Alternatively, the inventive implantable sensor element and the implantable substrate carrier element may be fabricated of wrought materials, such as stainless steely hypotubes, stainless steel wire, shape memory hypotubes and shape memory wires. The sensor element may be attached to the substrate carrier element, or component parts, such as cantilever members, of the sensor element may be attached to the sensor element by a variety of known means. For example, welding processes may be used, such as laser welding, plasma welding, resistance welding, or e-beam welding. Welding, however, is generally not an acceptable method for joining nickel-titanium alloys to other materials, e.g., stainless steel, because brittle intermetallics may be formed in the weld zone. In order to obtain a weld that is free of oxides or nitrides, welding should be performed under stringent environmental conditions in a clean, inert atmosphere or in vacuum in order to minimize reactivity of the titanium. In some cases, welded nickel-titanium parts may require heat-treating after welding to stress relieve the weld zone. The heat-affected zone will generally not exhibit superelastic properties. Soldering may be employed to join shape memory or superelastic alloys, such as nitinol, to stainless steel and other materials. However, a proper flux must be selected which inhibits the formation of surface oxides during the soldering process. Ultrasonic soldering has also been used to try to keep the surface free of oxides during soldering. Various epoxies and other adhesives may be used to join shape memory alloys either to themselves or to other materials. The chosen adhesives must, of course, be compatible with both the manufacturing and in vivo biological environments of the device. Finally, the sensor element may be mechanically joined to the substrate carrier element, or component parts of the sensor element maybe joined together by crimping, providing an interference fit or by creating interlocking geometries of the sensor element or its component parts.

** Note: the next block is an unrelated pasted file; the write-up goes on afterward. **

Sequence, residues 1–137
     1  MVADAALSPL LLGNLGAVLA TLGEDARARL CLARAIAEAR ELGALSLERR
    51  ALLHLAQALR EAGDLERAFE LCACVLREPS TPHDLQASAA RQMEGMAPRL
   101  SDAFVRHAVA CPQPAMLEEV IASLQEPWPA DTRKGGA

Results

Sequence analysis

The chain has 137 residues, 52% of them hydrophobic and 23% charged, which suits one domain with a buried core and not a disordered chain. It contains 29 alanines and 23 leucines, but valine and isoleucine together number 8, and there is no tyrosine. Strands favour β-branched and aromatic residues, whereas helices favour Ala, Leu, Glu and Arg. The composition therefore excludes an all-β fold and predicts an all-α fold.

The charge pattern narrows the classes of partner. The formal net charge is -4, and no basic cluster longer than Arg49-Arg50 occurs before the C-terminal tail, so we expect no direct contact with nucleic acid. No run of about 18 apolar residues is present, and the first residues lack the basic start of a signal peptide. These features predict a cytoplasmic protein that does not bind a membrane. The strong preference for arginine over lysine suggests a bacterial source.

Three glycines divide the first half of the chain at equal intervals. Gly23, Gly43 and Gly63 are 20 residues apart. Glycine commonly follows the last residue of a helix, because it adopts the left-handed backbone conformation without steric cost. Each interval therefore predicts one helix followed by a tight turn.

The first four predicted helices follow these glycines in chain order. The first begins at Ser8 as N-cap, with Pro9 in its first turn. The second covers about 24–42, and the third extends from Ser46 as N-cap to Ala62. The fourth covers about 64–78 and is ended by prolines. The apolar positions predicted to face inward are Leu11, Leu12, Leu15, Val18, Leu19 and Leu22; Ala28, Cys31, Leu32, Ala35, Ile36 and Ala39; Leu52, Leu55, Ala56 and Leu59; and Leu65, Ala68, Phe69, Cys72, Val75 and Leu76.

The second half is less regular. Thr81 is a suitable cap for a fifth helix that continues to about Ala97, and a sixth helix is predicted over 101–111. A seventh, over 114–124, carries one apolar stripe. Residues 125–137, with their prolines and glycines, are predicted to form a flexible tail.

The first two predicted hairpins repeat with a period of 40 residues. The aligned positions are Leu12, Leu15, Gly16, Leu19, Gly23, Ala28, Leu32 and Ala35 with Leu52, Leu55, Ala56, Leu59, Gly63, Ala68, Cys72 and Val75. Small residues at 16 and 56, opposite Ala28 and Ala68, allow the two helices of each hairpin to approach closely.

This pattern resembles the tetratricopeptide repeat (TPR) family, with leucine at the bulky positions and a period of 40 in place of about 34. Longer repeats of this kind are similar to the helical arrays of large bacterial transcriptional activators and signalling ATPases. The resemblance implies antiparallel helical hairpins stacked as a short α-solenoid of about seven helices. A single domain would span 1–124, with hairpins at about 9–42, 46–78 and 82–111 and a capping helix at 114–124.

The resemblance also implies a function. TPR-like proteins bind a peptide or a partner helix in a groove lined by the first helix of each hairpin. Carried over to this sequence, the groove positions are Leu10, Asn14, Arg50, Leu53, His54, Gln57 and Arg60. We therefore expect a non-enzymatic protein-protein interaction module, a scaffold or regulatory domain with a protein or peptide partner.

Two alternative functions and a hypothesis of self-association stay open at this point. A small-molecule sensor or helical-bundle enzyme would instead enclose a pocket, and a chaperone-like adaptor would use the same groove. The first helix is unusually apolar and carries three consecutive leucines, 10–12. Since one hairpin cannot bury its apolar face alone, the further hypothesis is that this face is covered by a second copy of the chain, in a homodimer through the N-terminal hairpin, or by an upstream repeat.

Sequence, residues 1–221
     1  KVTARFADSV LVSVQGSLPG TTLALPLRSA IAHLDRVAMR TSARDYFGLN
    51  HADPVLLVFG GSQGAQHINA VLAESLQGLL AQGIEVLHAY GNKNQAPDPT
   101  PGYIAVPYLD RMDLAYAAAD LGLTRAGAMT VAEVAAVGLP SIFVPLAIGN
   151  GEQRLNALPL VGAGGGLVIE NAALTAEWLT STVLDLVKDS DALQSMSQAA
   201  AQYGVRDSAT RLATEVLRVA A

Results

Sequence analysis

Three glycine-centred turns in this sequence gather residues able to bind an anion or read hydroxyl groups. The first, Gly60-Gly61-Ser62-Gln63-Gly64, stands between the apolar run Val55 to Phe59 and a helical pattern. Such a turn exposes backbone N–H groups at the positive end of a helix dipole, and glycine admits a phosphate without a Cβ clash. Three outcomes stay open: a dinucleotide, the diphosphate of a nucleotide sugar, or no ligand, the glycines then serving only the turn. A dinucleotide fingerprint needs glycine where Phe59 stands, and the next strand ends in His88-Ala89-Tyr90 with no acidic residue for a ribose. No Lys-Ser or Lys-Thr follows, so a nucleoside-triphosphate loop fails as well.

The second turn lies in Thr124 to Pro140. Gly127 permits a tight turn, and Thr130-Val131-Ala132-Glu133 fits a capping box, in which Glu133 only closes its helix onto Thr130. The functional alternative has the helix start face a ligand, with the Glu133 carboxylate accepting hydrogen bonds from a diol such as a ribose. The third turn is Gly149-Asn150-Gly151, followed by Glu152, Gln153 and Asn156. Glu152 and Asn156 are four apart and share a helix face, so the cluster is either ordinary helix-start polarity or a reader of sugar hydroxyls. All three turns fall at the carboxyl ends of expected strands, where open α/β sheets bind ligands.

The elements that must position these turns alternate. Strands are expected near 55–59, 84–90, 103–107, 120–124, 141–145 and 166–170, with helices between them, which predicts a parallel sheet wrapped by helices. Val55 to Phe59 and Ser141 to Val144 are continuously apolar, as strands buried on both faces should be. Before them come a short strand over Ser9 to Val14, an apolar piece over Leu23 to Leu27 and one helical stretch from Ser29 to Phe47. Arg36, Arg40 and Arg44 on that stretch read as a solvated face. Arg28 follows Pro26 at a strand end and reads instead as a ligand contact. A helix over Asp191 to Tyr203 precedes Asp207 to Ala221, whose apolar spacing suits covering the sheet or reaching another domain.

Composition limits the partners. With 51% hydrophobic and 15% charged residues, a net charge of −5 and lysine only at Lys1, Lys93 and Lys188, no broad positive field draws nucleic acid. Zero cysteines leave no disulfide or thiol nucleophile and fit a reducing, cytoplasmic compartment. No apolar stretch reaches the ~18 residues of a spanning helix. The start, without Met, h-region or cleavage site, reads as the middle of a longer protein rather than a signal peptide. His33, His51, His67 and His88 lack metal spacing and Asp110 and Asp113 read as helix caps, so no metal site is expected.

• [0016]